This is a complex situation, because it appears that not only did Ms. Pinkston need protection from Mr. Gardner, but also needed it from herself.
Death Penalty is Dead in California
Yolo County District Attorney Jeff Reisig, who prosecuted this case along with Deanna Hays, one of his deputy DAs, made the decision not to pursue the death penalty in this case. A few years ago, Mr. Reisig decided to seek the death penalty in the Marco Topete case, a case in which, after a high speed chase, Mr. Topete lay in wait and ambushed Yolo County Sheriff’s Deputy Tony Diaz.
There are some interesting parallels between these two cases, but, ultimately, one of the biggest differences was that Deputy Diaz was law enforcement performing his lawful duties while Ms. Pinkston was an innocent private citizen sitting in her car getting ready for work.
Still, given the extended time and expense of a capital murder trial, it is not surprising that Mr. Reisig would opt against it here. After all, at the end of the day, Mr. Gardner and Mr. Topete will end up with similar fates – both locked in prison for the rest of their lives.
What this decision really shows is that the death penalty is largely dead in California, except for a few high profile cases where the symbol appears to be important.
It would be difficult to find a stronger defender of the death penalty than Mr. Reisig.
On July 25, 2012, Jeff Reisig wrote an op-ed in the local papers entitled, “Sometimes seeking justice demands the death penalty.” In that article he wrote, “There are some murders that are so horrific that we, as a democratic society, have concluded that the death penalty is an appropriate punishment.”
As we argued a few months ago, the similarities between the two murders make one wonder exactly what the difference was that made Marco Topete face the death penalty, but not William Gardner.
Recounting the brutal 2008 murder of Deputy Tony Diaz on June 15, Father’s Day, Mr. Reisig wrote that Topete “fired an assault weapon 17 times at Diaz, penetrating his bullet proof vest and fatally striking him in the chest.
“At the time of the shooting, Topete was on parole from state prison for shooting an unarmed man in front of a convenience store in 1998. He was also a validated gang member and had been previously convicted of multiple felonies under California’s three-strikes law.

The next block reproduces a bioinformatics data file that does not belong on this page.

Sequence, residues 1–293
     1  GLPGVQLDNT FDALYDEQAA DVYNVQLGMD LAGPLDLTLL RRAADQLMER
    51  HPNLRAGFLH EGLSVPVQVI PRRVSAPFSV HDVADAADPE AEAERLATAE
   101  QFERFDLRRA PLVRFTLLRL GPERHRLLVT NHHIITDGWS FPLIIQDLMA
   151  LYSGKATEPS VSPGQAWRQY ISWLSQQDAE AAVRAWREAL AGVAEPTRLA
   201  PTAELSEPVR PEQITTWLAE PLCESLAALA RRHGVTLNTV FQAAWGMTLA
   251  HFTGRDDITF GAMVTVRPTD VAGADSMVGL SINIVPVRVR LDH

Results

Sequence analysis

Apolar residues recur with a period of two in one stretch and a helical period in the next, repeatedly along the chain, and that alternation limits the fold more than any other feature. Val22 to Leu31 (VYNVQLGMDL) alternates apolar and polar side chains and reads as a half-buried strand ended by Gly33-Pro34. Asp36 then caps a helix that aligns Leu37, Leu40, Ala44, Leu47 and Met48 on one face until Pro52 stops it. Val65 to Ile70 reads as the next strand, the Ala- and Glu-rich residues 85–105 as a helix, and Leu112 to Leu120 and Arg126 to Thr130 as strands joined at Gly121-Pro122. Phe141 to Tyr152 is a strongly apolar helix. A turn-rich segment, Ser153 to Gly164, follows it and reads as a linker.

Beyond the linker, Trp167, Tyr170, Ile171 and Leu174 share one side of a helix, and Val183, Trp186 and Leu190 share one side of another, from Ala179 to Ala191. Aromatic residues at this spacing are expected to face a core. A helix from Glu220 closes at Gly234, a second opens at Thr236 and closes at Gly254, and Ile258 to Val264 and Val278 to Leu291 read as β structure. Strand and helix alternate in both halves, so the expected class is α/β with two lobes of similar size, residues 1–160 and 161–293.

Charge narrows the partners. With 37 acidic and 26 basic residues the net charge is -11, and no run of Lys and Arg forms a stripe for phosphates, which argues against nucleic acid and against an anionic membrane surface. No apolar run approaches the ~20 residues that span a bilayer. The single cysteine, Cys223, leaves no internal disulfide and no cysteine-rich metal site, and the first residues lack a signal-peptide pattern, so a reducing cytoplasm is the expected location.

“Diaz had attempted to contact Topete for violating parole by drinking and driving with his infant in his car. Topete led Diaz on a 100 mile-per-hour chase before abandoning his car and baby on a dark dirt road in rural Yolo County. Instead of pursuing Topete on foot, Diaz stayed with Topete’s abandoned baby.
“Minutes later, Topete, who was lying in wait behind the corner of a building with an assault weapon, opened fire while Diaz had his back to him. In October 2011, a jury convicted Topete of murder with multiple special circumstances and sentenced him to death. At the time of his murder, Deputy Tony Diaz was 37 years old. He is survived by his children, parents, siblings and many other family members, friends and loved ones.”
On November 18, 2013, Ms. Pinkston was sitting in her car, waiting to go to work on Railroad Avenue in downtown Winters, when she was shot. Mr. Gardner allegedly shot his ex-girlfriend four times, once in the head.
Like Mr. Topete, Mr. Gardner is also charged with enhancements of lying in wait and the intentional and personal discharge of a firearm causing death. Moreover, Mr. Gardner committed this crime while on release from custody on bail or own recognizance for a pending felony offense, and there were added enhancements to his charges of murder, including possessing a firearm by a person previously convicted of a felony and stalking.
That the DA didn’t seek the death penalty in this case speaks volumes to where the future of the death penalty lies in California.
—David M. Greenwald reporting